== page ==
Integrating Glasser Quality School Concepts Into Online Courses

Integrating Glasser Quality School Concepts Into Online Courses

Patricia A. Robey (Governors State University, USA)
DOI: 10.4018/978-1-5225-5085-3.ch002

Abstract

The purpose of this chapter is to provide information on how William Glasser's quality school concepts can be integrated into online classrooms. The author provides a historical background for the development of Glasser Quality Schools, including the conditions for quality and the criteria for becoming a quality school. The author will provide suggestions for creating online relationships, explain the concept of boss versus lead management, and give examples of how lead management is utilized in a quality school. The importance of making learning useful and relevant will be linked to student motivation. The self-evaluation process of assessment will be discussed and how self-evaluation can be integrated with feedback for continued improvement of outcomes and quality. Finally, the author will provide a problem-solving format that can be used by faculty, administration, and students.
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William Glasser And The Quality School

William Glasser, M.D. is best known for developing reality therapy. This approach to counseling and psychotherapy is based on helping people accept personal responsibility for what they can control and make plans for changes they can make that will lead to happier, healthier lives. This includes changes that result in improved, successful, and meaningful relationships with the important people in their lives. Choice Theory (1998) provides the theoretical support for the efficacy of reality therapy. Together, the theory and therapy, when applied to school systems, provide the foundation for the quality school.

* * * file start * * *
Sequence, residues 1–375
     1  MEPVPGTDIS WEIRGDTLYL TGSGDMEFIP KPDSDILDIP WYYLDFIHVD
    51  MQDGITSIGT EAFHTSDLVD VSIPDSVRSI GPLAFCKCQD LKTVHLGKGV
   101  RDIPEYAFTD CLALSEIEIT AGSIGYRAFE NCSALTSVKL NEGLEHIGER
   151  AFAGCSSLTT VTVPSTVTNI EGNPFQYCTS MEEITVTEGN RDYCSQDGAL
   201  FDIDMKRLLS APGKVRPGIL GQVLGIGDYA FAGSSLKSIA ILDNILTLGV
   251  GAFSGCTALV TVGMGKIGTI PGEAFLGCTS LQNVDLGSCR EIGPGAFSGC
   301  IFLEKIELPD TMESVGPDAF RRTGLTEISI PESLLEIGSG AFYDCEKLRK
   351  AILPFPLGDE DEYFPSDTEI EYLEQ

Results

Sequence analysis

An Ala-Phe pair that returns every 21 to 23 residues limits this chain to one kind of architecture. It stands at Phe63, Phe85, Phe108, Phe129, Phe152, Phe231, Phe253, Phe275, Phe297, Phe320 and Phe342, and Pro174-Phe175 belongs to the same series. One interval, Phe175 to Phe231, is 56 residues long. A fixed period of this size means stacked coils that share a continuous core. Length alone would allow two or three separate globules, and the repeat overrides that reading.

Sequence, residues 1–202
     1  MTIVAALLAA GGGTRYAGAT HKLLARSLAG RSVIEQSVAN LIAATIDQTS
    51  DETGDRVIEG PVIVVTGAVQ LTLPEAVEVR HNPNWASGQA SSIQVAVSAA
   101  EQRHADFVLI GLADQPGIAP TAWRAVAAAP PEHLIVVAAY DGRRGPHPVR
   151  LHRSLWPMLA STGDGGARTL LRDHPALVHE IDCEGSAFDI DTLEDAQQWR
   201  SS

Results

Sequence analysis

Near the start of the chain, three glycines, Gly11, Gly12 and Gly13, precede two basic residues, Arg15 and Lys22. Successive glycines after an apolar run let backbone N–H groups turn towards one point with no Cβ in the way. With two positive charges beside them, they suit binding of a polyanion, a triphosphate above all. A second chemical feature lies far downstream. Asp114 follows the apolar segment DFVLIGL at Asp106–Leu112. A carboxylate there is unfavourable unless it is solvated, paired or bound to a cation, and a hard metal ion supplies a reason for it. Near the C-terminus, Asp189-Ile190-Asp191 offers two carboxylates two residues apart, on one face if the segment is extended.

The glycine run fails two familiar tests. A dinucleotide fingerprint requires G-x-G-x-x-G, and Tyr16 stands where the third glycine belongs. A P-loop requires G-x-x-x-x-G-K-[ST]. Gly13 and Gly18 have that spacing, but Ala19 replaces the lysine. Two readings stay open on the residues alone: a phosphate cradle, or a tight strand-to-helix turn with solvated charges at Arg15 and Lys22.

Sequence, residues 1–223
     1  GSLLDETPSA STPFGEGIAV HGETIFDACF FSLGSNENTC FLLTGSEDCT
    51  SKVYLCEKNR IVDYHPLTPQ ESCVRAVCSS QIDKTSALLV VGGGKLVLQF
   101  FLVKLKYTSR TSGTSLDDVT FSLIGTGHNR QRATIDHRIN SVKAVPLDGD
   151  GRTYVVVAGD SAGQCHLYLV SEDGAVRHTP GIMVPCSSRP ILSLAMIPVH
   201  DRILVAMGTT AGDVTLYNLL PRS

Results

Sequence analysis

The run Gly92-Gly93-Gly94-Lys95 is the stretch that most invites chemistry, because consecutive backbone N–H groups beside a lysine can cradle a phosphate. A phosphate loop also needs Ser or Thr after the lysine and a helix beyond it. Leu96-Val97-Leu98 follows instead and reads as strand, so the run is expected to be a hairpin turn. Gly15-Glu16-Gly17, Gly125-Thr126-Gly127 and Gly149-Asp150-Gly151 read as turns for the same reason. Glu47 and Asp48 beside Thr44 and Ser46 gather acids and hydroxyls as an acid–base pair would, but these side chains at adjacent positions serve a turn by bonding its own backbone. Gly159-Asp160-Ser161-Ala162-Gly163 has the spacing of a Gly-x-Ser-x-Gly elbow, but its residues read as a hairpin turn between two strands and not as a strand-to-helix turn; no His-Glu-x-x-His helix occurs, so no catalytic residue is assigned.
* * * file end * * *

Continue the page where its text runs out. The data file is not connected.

In his best-selling book Reality Therapy (1965), Glasser explained that human problems are based in inability to effectively satisfy basic needs, to accept the reality of life, and to take responsibility for what we can control. At the time that he was developing these ideas, Glasser was working with the Ventura School for Girls in southern California, where the principles of reality therapy were applied in custody, treatment, and school. The basis of the Ventura program was the belief that better results for the girls came in an environment that included warm relationships along with an expectation for increasing responsibilities.

Key Terms in this Chapter

Self-Evaluation: The process in which a person evaluates his or her work, based on a shared understanding of the expectations for quality.

Quality School: A school that is based on warm, caring relationships, focuses on the useful and relevant application of knowledge with a goal of competence, and uses a lead-management approach to promote self-evaluation and continual improvement.

Concurrent Evaluation: A process in which student and teacher meet to discuss the progress of a project, each sharing their perceptions of what is going well and what needs improvement, resulting in agreement about the status of quality for the assignment.

WDEP: An acronym based on Glasser’s reality therapy process that can adapted for use by lead managers in a quality school.

Lead-Management: A non-coercive method of working with people that is based on William Glasser, M.D.’s Choice Theory concepts and W. Edwards Deming’s principles of total quality management.

Choice Theory: A theory developed by William Glasser, M.D., which explains that human behavior and motivation is generated by genetically based instructions to satisfy basic needs of survival, love and belonging, power, freedom, and fun.

Conditions for Quality: Three components necessary for the development of a quality school: a warm, caring environment, useful, and relevant learning, and the use of self-evaluation.

Reality Therapy: A process of therapy, developed by William Glasser, M.D., that focuses on encouraging individuals to take personal responsibility for making life changes that will lead to mental health and happiness, especially in relationship with others.

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